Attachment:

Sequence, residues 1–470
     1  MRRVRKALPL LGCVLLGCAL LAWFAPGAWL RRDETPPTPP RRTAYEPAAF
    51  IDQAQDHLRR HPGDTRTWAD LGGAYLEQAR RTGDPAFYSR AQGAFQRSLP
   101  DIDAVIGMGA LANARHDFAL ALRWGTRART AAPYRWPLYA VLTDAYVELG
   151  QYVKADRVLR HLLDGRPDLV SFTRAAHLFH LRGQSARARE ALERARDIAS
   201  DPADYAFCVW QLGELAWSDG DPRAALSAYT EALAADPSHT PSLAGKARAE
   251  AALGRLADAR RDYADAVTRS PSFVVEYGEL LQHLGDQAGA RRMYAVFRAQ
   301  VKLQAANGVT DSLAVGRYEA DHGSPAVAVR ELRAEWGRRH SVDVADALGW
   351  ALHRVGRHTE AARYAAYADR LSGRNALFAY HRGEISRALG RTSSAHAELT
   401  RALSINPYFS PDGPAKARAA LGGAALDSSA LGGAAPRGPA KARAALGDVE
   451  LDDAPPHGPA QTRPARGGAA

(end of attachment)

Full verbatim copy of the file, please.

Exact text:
Sequence, residues 1–470
     1  MRRVRKALPL LGCVLLGCAL LAWFAPGAWL RRDETPPTPP RRTAYEPAAF
    51  IDQAQDHLRR HPGDTRTWAD LGGAYLEQAR RTGDPAFYSR AQGAFQRSLP
   101  DIDAVIGMGA LANARHDFAL ALRWGTRART AAPYRWPLYA VLTDAYVELG
   151  QYVKADRVLR HLLDGRPDLV SFTRAAHLFH LRGQSARARE ALERARDIAS
   201  DPADYAFCVW QLGELAWSDG DPRAALSAYT EALAADPSHT PSLAGKARAE
   251  AALGRLADAR RDYADAVTRS PSFVVEYGEL LQHLGDQAGA RRMYAVFRAQ
   301  VKLQAANGVT DSLAVGRYEA DHGSPAVAVR ELRAEWGRRH SVDVADALGW
   351  ALHRVGRHTE AARYAAYADR LSGRNALFAY HRGEISRALG RTSSAHAELT
   401  RALSINPYFS PDGPAKARAA LGGAALDSSA LGGAAPRGPA KARAALGDVE
   451  LDDAPPHGPA QTRPARGGAA